Mexican Courts Decide if Calderon Winner
Friday, July 7, 2006; 9:05 PM
MEXICO CITY -- The ballots have been cast and counted. But Felipe Calderon isn't Mexico's president-elect until the nation's highest electoral court says so.
The independent agency that ran Sunday's election added up more than 41 million votes and declared that Calderon won the most: 240,000 more than rival Andres Manuel Lopez Obrador.
But this agency has no legal authority to declare a winner.
Under Mexico's complex election laws, Calderon won't have won until the Federal Electoral Tribunal certifies the count. And that's not a sure thing: the widely respected tribunal has overturned two gubernatorial races in recent years, both for meddling by the ruling party.
Disgruntled candidates have gone to court to dispute election results in many countries _ the U.S. presidential race won by George W. Bush in 2000 is a famous example.
But Mexico, where electoral disputes are almost a tradition, makes the courts part of the process right from the start. It's part of an elaborate system designed to eliminate the fraud that was once nearly universal. Once the votes are officially counted, each party has four days to file challenges with the Electoral Tribunal.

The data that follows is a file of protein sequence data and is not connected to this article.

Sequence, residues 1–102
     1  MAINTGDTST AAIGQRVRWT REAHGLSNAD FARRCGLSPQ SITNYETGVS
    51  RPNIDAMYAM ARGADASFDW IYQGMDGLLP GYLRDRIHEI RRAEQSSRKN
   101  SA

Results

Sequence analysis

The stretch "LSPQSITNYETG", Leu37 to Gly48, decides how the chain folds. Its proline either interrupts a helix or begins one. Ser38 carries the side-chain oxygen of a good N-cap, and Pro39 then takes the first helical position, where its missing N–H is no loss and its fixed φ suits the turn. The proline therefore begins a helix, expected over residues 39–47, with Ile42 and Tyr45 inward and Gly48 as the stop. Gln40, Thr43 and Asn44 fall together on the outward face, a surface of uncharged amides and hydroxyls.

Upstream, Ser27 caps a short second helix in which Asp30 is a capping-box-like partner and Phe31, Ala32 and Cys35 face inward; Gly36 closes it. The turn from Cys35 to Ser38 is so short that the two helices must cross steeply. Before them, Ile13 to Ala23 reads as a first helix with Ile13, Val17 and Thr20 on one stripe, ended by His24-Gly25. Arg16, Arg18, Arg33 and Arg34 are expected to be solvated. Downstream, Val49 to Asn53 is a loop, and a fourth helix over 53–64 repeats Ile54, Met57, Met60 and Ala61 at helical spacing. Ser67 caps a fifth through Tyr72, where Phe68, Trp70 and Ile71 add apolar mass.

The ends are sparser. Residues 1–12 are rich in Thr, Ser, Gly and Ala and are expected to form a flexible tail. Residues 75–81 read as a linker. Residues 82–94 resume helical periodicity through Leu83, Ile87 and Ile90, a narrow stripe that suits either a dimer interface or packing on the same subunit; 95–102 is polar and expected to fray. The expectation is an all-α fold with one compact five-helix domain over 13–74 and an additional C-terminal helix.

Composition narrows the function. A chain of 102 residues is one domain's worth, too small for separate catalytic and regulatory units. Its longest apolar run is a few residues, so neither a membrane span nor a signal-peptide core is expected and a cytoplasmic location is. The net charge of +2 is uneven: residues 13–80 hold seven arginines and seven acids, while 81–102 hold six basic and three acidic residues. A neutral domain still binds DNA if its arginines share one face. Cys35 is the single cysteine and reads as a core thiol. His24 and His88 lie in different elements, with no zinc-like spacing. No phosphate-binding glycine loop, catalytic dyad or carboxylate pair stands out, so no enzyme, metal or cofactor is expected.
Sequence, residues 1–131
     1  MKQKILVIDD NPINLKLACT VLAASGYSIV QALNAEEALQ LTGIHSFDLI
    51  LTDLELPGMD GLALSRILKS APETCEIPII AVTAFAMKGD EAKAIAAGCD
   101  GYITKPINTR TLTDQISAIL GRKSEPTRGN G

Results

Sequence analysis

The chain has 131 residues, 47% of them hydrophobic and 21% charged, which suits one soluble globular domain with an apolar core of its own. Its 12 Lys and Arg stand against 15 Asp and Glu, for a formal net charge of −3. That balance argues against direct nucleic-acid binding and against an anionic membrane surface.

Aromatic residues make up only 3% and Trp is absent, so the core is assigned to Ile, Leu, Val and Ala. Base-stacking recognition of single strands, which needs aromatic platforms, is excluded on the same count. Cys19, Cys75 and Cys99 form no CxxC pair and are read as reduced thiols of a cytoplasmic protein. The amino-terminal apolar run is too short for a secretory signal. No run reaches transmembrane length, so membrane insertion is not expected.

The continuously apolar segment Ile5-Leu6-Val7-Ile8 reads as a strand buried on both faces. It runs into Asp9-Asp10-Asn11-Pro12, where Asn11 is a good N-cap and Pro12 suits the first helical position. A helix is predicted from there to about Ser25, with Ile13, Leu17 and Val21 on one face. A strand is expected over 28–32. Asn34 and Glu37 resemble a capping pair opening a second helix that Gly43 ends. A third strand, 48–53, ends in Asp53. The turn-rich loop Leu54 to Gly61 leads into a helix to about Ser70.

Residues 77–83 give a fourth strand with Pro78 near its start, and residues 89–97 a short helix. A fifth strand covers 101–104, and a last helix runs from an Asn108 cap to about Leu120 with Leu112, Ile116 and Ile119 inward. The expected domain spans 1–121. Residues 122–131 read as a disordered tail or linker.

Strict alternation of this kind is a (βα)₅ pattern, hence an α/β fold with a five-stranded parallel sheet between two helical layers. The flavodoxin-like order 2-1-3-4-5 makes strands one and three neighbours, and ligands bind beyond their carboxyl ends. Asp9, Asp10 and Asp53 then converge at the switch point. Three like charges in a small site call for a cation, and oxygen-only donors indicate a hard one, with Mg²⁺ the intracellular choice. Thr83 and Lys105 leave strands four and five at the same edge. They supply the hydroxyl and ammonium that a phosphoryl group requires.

The tribunal's seven magistrates then consider the evidence in weeks of hearings, deciding whether individual ballot boxes were stuffed, whether particular voters were intimidated, whether candidates violated spending limits or bought votes.
Mexico's election law says the court must decide all of that by Aug. 31. The magistrates then add up the votes that have survived challenges and declare a winner by Sept. 6, a decision that can't be appealed. The new president is inaugurated on Dec. 1.
Even in the last presidential election, when Vicente Fox had a commanding lead and his opponents quickly conceded defeat, the tribunal needed more than a month to declare him president-elect.
This year's race is a squeaker and Lopez Obrador's Democratic Revolution Party, or PRD, has alleged that Calderon's National Action Party benefited from irregularities at about 50,000 polling places, setting the stage for a complex, emotional battle before the court.
At least one key Lopez Obrador aide says he's ready to trust the tribunal, known by its Spanish initials as the TRIFE.
"It is the final arbiter, and it would be a tragedy if it wasn't impartial," said Manuel Camacho, a top campaign aide to Lopez Obrador. "The PRD has confidence in the TRIFE."